L'Oiseau au plumage rougeâtre annonce l'apparition de la femme éblouissante de beauté, 1972
signed and numbered 'Miró 2/2' (on the base),
bronze with green and brown patina
Height: 87 3/8 in. (222 cm.)
Conceived in 1972 Cast in an edition of 5
Galerie Maeght, Paris.
Miles & Shirley Fiterman Collection, USA
& J. Teixidor, Miró sculptures, Paris, 1973, no. 234, p. 241.
Gimferrer, The Roots of Miró, Barcelona, 1993, no. 1263, p. 407.
Miró, Paris, 2004, no. 403, p. 377 (another cast illustrated).
Miró & P.O. Chapel, Joan Miró, Sculptures, Catalogue raisonné 1928-1982,
Paris, 2006, no. 281, p. 268 (another cast illustrated p. 269).
A. Jouffroy & J. Teixidor, Miró sculptures, Paris, 1973, no. 234, p. 241.
P. Gimferrer, The Roots of Miró, Barcelona, 1993, no. 1263, p. 407.
J. Dupin, Miró, Paris, 2004, no. 403, p. 377 (another cast illustrated).
F. Miró & P.O. Chapel, Joan Miró, Sculptures, Catalogue raisonné 1928-1982, Paris, 2006, no. 281, p. 268 (another cast illustrated p. 269)
‘Nothing is foreign to painting, to etching, to sculpture: one can work with anything – everything can be useful. If I frequently integrate the objects as they are, with raw materials, it is not to obtain a plastic effect but by necessity. It is in order to produce the shock of one reality against another…I need to walk on my earth, to live among my own, because everything that is popular is necessary for my work.’
(Miró, ‘L’humanité’, in The Shape of Colour: Joan Miró’s Painted Sculpture, exh. cat., Washington, D.C., 2002, p. 21)
Magnificently soaring from the ground, Joan Miró’s L’Oiseau au plumage rougeâtre annonce l’apparition de la femme éblouissante de beauté ‘ (The Russet-Feathered Bird Announces the Apparition of the Dazzlingly Beautiful Woman’) is an elegant and poetic sculpture conceived in 1972. At over two metres tall, this work is created from disparate, ‘found’ objects, cast in bronze, illustrating the artist’s playful and inventive imagination, and revealing his ability at envisioning birds and human figures from an amalgamation of seemingly incongruous, quotidian and natural objects. A long elegant branch stretches upwards, a cauliflower attached to its length, as well as shoe-like form that extends from one of its arms, on top of which a piece of metal balances in a state of perfect equilibrium with another shoe delicately placed on top. The highly elaborate and poetic title of the present work serves to transform the pieces of the sculpture into the figure of a ‘dazzling woman’, with the placement of the cauliflower and the piece of metal on the branch serving perhaps as symbols of the female sex.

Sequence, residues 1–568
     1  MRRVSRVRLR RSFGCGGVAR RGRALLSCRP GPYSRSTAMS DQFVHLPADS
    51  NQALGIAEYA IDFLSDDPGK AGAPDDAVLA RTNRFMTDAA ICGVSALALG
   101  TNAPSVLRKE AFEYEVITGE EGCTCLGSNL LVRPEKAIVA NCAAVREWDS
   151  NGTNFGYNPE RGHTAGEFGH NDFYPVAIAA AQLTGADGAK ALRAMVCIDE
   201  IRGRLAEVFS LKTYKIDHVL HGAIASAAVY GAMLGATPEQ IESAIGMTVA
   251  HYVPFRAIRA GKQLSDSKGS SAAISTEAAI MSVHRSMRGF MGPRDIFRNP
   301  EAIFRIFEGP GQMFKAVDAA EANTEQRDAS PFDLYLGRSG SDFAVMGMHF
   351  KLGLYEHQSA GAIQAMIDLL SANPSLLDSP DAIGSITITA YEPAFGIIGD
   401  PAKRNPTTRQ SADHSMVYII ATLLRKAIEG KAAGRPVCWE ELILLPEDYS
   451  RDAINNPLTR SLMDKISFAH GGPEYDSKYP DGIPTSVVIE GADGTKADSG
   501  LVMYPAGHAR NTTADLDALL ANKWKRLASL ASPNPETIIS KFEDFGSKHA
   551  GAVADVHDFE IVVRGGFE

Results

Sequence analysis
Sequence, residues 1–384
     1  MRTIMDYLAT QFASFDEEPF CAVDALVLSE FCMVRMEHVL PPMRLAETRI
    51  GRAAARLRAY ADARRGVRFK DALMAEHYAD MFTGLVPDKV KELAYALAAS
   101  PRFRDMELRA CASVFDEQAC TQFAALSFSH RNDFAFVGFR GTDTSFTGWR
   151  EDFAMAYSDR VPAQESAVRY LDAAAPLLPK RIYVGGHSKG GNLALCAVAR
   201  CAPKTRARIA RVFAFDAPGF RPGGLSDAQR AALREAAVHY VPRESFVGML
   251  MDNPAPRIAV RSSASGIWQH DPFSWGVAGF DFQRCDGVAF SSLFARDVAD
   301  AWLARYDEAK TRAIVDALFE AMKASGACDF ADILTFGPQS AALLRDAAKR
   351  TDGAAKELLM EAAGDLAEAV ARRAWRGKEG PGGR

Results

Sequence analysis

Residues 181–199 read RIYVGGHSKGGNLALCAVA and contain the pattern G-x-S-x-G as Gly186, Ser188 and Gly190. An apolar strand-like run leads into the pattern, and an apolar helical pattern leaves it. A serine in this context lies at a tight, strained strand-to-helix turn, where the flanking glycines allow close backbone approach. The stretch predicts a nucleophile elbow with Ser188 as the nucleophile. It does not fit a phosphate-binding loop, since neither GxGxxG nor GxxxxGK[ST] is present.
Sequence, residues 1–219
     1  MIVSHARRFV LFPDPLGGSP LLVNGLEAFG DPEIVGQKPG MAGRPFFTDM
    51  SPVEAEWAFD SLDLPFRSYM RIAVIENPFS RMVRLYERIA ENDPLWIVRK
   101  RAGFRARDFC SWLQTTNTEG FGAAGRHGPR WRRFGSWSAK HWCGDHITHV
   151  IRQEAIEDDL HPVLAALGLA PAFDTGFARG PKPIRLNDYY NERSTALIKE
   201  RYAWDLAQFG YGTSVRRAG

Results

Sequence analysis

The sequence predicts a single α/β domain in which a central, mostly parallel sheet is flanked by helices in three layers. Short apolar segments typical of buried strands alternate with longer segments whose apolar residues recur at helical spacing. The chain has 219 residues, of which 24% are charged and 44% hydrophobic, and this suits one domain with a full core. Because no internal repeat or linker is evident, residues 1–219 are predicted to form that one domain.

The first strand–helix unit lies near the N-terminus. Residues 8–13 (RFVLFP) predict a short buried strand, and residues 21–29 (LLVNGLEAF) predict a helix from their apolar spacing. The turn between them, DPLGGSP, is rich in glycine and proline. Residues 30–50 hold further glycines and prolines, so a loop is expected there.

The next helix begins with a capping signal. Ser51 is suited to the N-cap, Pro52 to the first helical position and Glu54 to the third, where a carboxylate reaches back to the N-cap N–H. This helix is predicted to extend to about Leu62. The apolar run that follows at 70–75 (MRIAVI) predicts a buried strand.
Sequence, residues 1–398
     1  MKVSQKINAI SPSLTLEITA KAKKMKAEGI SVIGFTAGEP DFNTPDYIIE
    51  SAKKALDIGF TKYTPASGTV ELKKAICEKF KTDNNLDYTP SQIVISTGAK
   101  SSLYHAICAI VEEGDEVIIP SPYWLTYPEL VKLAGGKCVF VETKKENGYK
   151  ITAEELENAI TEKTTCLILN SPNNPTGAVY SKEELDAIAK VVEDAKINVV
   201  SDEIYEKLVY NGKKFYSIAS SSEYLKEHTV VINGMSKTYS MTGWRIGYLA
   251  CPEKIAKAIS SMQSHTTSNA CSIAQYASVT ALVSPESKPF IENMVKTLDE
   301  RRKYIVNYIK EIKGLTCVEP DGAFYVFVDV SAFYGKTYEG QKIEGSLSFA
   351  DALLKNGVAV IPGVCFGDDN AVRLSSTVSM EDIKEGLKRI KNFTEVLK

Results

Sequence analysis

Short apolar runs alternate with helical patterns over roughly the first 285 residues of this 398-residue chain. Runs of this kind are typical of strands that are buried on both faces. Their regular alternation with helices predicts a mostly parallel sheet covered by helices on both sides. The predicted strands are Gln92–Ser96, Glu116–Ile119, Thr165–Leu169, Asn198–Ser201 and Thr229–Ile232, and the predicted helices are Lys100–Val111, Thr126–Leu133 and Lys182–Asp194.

L’Oiseau au plumage is one of Miró’s ‘Assemblage-sculptures’, which dominated his late oeuvre. From the 1940s, when Miró returned to Mont-roig del Camp during the Second World War, he had begun to amass objects that he found on walks in the countryside and along the seashore. Over the following years, the artist continued this process, collecting everything from tree-trunks, stones and bones to tin-cans, ironing boards and wheels, storing them in his studio until inspiration struck and he combined various pieces to create a large, free-standing sculpture. The artist’s great friend and biographer, Jacques Dupin described this working process: ‘These works began with Miró slipping out of his studio, unseen, only to return with an impromptu harvest of objects – his bounty – without value or use, but susceptible, in his view, of combinations and surprising metamorphoses. All these objects had been abandoned, thrown away or forgotten by nature and man alike, and Miró recognized them as his own. This refuse was the visionary’s secret treasure, his infinitely rich deposit of insignificant objects, still imbued with the smells of the beach, construction site, dump or port where they had been found’ (J. Dupin, Miró, Paris, 1993, p. 374). With an acute sensitivity to the textures, scale, volume and material of the objects in L’Oiseau au plumage rougeâtre annonce l’apparition de la femme éblouissante de beauté, Miró, without consciously disguising or transfiguring the pieces, invented a new form of sculpture, infused with a magical poeticism that is so unique to both the painting and sculpture of the prolific Spanish artist.
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